Report: There's More to Come for AI in Ed

The biggest uses for artificial intelligence in education have not been invented yet. But whatever they end up being, people working on AI applications need to keep educators and education policy makers well informed "early and deeply." That's the conclusion of a new report recently issued by the Center for Integrative Research in Computing and Learning Sciences.

The report was developed out of a gathering of 22 researchers and other experts in AI and learning, who met online over two days to consider two questions:

  • What will education leaders need to know about AI in support of student learning, to provide input, do planning and make better decisions?
  • What do researchers need to work on "beyond the ordinary" to generate the know-how for "shaping AI in learning for the good"?

Among the participants were representatives from higher education (North Carolina State and the University of Pittsburgh, among them), education organizations (such as Digital Promise and the Education Development Center) and the government (the U.S. Department of Education and the National Science Foundation).

The group came up with dozens of "opportunities" for AI in education, from extending what teachers can do to better understanding human learning:

  • Using virtual instructors to free up "personalization time" for classroom teachers;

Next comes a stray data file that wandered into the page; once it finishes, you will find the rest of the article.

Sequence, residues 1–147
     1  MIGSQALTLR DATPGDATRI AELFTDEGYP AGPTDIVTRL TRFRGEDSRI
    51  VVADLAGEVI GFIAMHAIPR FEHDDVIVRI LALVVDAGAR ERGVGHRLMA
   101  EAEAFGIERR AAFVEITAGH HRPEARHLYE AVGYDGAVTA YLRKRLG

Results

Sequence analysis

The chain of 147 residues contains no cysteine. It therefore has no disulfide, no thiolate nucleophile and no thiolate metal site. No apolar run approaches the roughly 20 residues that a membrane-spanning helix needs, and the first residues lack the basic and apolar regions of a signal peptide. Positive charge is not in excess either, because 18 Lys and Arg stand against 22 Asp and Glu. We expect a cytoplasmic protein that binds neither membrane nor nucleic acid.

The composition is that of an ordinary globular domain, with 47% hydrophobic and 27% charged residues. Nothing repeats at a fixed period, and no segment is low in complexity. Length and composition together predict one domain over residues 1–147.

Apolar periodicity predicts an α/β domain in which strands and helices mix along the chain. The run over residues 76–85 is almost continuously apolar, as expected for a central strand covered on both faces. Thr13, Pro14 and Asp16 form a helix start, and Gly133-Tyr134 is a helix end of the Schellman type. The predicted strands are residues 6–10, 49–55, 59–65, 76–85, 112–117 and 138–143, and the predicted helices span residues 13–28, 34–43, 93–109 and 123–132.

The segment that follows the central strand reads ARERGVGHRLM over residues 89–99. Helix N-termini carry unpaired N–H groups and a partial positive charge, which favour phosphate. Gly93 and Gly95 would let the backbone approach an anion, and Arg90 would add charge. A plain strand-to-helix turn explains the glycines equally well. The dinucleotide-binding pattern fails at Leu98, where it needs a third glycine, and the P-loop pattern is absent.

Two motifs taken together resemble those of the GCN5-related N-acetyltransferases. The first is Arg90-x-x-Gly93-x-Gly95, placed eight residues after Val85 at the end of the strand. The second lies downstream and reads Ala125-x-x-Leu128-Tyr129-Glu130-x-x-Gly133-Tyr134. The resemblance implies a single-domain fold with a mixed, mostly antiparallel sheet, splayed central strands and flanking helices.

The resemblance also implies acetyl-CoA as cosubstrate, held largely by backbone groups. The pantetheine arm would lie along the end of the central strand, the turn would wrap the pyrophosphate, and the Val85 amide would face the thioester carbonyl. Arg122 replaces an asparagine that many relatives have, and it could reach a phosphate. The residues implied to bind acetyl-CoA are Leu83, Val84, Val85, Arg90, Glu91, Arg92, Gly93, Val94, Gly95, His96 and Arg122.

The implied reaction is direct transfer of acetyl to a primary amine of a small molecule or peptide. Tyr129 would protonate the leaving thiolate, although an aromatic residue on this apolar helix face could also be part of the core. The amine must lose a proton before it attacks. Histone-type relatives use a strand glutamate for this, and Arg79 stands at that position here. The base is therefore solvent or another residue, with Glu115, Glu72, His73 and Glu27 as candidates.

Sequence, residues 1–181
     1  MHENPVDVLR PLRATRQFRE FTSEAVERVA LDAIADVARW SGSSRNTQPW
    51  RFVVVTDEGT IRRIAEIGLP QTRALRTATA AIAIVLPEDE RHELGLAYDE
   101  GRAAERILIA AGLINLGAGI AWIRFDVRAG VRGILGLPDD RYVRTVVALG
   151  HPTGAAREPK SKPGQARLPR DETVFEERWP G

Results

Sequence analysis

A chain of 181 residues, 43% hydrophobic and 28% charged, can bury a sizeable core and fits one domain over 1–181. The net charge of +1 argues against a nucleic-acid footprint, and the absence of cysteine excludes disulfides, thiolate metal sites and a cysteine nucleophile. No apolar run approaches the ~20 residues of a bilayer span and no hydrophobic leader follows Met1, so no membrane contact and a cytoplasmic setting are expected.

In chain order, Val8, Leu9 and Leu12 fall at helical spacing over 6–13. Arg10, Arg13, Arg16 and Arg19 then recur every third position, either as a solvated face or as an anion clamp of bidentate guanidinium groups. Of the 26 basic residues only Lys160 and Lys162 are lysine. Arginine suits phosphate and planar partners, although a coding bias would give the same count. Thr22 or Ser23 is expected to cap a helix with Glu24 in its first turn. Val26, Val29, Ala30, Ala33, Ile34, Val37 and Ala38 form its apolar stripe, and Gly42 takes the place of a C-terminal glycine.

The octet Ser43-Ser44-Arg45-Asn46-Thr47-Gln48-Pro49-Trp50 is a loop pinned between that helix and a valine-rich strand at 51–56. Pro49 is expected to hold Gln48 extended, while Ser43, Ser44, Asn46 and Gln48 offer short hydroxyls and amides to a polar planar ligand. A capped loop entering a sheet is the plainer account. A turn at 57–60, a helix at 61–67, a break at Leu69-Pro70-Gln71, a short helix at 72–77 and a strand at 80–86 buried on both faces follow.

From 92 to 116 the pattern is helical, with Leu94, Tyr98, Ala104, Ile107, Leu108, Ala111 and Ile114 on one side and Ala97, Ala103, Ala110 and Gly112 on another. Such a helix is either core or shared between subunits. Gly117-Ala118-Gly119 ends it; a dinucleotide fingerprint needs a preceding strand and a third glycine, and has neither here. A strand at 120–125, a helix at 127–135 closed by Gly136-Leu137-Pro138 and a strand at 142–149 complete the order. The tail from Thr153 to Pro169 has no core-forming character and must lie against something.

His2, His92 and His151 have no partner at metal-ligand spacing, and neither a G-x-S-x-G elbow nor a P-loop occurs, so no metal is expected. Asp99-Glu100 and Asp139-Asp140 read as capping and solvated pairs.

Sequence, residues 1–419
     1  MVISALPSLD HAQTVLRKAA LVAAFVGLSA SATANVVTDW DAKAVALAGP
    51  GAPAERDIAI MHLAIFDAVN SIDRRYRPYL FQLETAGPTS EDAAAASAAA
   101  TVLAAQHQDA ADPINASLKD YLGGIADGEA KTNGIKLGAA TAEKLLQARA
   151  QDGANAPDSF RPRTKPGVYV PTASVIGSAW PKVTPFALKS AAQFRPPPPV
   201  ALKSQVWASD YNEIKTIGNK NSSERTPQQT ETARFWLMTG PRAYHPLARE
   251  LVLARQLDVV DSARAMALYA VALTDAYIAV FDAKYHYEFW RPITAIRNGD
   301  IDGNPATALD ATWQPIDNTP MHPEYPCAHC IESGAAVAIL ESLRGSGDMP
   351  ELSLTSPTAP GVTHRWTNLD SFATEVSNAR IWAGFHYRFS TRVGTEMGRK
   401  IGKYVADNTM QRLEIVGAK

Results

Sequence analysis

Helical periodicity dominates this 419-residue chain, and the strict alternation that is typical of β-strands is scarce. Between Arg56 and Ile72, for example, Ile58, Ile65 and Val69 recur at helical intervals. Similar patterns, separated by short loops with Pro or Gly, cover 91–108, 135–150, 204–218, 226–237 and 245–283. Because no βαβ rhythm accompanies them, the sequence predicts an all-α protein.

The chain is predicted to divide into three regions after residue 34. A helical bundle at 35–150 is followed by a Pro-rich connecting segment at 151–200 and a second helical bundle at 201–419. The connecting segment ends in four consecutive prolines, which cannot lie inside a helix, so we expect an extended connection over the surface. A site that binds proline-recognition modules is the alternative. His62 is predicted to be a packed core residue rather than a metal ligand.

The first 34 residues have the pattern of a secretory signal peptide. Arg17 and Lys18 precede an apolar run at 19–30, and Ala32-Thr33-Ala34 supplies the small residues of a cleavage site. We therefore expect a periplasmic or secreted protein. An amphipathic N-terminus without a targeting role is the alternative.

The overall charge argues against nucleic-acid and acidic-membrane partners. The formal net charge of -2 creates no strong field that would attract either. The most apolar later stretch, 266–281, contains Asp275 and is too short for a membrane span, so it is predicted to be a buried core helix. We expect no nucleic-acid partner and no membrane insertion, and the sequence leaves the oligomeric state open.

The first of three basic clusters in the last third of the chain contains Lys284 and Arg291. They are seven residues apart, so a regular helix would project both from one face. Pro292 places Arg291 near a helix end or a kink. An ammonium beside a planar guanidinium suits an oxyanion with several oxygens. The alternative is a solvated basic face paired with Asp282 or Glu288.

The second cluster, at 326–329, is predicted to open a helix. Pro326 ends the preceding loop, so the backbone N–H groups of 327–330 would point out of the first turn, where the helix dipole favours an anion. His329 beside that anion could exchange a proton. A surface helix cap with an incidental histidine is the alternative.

• Offloading the "cognitive load" of teaching;
  • Providing "job aids" for teachers;
  • Identifying the links between courses, credentials, degrees and skills;
  • "Revolutionizing" testing and assessment;
  • Creating new kinds of "systems of support";
  • Helping with development of "teaching expertise"; and
  • Better understanding human learning through "modeling and building interfaces" in AI.

But contributors also offered just as many barriers to success:

  • Differences in the way teachers teach would require "different job aids";
  • Teachers would fear losing their jobs;
  • Data privacy concerns;
  • Bias worries;
  • Dealing with unrealistic expectations and fears about AI pushed in "popular culture";
  • Lack of diversity in gender, ethnicity and culture in AI projects; and
  • Smart use of data would require more teacher training.

Two areas that offered heightened promise to the experts were the uses of AI in "social learning" and in assessment.

For the first, the report noted, AI could be used to help orchestrate complex learning scenarios involving multiple people working on a project together. For example, for students working as team members, AI could notice, listen to and build on various members' contributions while also providing task support, such as helping the team "organize, manage and connect their contributions" to the bigger goal. In this scenario, the report stated, AI would be "socially aware" and could "use social interaction with students as a way of bootstrapping their academic performance."

On the assessment side, AI agents could help teachers "build a portrait of a student's competencies" in various ways, such as by assessing writing and providing suggestions for improvement.

The panel also developed a list of seven recommendations for research priorities, including investigating AI designs for an expanded range of learning scenarios and intensifying and expanding research on AI for assessment of learning.

The full report is available on the CIRCLS site, along with a link to an on-demand webinar discussing the findings.

About the Author

Dian Schaffhauser is a former senior contributing editor for 1105 Media's education publications THE Journal, Campus Technology and Spaces4Learning.